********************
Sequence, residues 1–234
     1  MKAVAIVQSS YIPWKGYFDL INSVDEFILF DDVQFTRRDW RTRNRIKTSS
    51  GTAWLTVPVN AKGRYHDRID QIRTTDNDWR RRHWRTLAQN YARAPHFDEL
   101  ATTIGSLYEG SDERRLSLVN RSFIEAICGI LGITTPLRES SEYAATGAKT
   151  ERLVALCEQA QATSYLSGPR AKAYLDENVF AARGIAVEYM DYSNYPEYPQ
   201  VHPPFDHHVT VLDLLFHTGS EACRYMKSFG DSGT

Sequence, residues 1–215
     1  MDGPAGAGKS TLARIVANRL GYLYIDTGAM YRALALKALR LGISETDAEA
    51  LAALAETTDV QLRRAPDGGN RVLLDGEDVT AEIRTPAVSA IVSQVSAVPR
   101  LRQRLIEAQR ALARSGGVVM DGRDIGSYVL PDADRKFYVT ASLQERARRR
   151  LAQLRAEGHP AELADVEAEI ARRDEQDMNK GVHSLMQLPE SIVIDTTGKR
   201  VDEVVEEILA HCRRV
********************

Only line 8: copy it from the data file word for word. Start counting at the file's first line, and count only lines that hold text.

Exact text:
     1  MDGPAGAGKS TLARIVANRL GYLYIDTGAM YRALALKALR LGISETDAEA